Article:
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January 12, 2015

Grand Rounds Explores Novel Diagnostic Test for Diabetic Neuropathy

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Pioneering research into early diagnosis and prevention of nerve damage caused by diabetes was discussed at the third installment of WCMC-Q’s Grand Rounds.
Dr Rayaz Malik
Guest speaker Dr Rayaz Malik, professor of medicine at WCMC-Q, explained that early signs of diabetic neuropathy caused by high blood sugar levels can be detected by examining the nerve fibers in the eye using a technique called corneal confocal microscopy.

Addressing an audience of fellow healthcare professionals at WCMC-Q, Dr Malik said: Diabetic neuropathy affects about 50 percent of diabetes sufferers and causes many health problems, most typically loss of sensation in the lower limbs and feet. This can be particularly serious as it can lead to ulceration with chronic infection and subsequent amputation of the lower limbs, hence the need for early diagnosis.

“However, diagnosis of diabetic neuropathy poses several problems because traditionally advocated tests such as physical examinations do not return consistent results, and nerve conduction studies are not good at detecting early-stage neuropathy. Taking a skin biopsy is fairly effective but has the problem of being somewhat invasive.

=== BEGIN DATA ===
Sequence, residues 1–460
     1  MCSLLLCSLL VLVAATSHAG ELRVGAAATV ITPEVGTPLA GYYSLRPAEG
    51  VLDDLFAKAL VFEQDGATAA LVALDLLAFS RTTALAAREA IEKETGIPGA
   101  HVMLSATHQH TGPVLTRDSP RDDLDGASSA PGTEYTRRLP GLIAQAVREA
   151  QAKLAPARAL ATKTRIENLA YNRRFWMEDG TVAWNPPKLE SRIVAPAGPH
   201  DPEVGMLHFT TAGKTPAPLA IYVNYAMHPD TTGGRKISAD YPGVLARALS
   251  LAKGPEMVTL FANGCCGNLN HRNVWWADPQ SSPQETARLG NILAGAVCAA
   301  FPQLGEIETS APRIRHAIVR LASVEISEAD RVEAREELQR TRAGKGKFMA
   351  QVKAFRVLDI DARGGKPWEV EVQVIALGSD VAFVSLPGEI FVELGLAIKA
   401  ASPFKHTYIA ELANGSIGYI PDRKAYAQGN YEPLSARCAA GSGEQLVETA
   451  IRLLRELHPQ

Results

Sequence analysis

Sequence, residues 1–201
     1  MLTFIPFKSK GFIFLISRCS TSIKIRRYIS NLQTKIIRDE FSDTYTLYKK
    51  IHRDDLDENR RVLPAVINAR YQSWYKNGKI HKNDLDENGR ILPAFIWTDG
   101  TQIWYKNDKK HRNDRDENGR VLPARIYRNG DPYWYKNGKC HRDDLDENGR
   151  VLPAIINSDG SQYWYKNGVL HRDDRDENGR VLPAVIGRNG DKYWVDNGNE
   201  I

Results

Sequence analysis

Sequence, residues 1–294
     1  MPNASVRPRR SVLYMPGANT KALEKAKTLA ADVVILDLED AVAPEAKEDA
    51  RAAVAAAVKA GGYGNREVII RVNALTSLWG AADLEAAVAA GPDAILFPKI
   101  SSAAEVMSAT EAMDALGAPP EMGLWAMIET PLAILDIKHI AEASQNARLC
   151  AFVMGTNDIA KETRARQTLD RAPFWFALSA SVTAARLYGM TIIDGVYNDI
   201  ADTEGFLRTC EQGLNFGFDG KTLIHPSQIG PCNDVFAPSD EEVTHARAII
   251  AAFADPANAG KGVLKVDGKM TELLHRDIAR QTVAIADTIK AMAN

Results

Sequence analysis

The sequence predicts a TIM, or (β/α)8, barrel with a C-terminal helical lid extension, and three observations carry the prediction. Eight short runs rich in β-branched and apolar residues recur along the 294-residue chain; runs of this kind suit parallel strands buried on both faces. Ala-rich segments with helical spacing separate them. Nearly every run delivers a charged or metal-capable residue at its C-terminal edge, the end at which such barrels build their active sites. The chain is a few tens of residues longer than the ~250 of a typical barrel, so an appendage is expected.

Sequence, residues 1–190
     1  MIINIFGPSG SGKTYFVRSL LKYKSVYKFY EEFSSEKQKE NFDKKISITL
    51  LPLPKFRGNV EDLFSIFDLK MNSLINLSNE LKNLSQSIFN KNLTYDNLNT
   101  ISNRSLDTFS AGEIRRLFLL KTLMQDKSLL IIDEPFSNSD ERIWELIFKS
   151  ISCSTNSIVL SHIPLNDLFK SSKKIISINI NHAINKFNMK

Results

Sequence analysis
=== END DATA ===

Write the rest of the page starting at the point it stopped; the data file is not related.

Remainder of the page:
“The great thing about corneal confocal microscopy is that the only slightly uncomfortable part of the examination is applying a mild local anesthetic to the patients’ eye using eye drops. Most importantly, it allows us to detect neuropathy at a very, very early stage.”

Corneal confocal microscopy is a relatively new technology that allows the structures of the cornea to be viewed with high magnification and very high resolution. There are also emerging data that it may even detect abnormalities in diseases of the brain such as multiple sclerosis and dementia.

Dr Thurayya Arayssi, WCMC-Q’s Associate Professor of Medicine and Associate Dean for Continuing Professional Development, said: “Dr Malik’s groundbreaking research has the potential to bring about widespread change in the way physicians diagnose diabetic neuropathy, and to allow for far earlier diagnosis than is currently the case, with obvious benefits for diabetes sufferers.”

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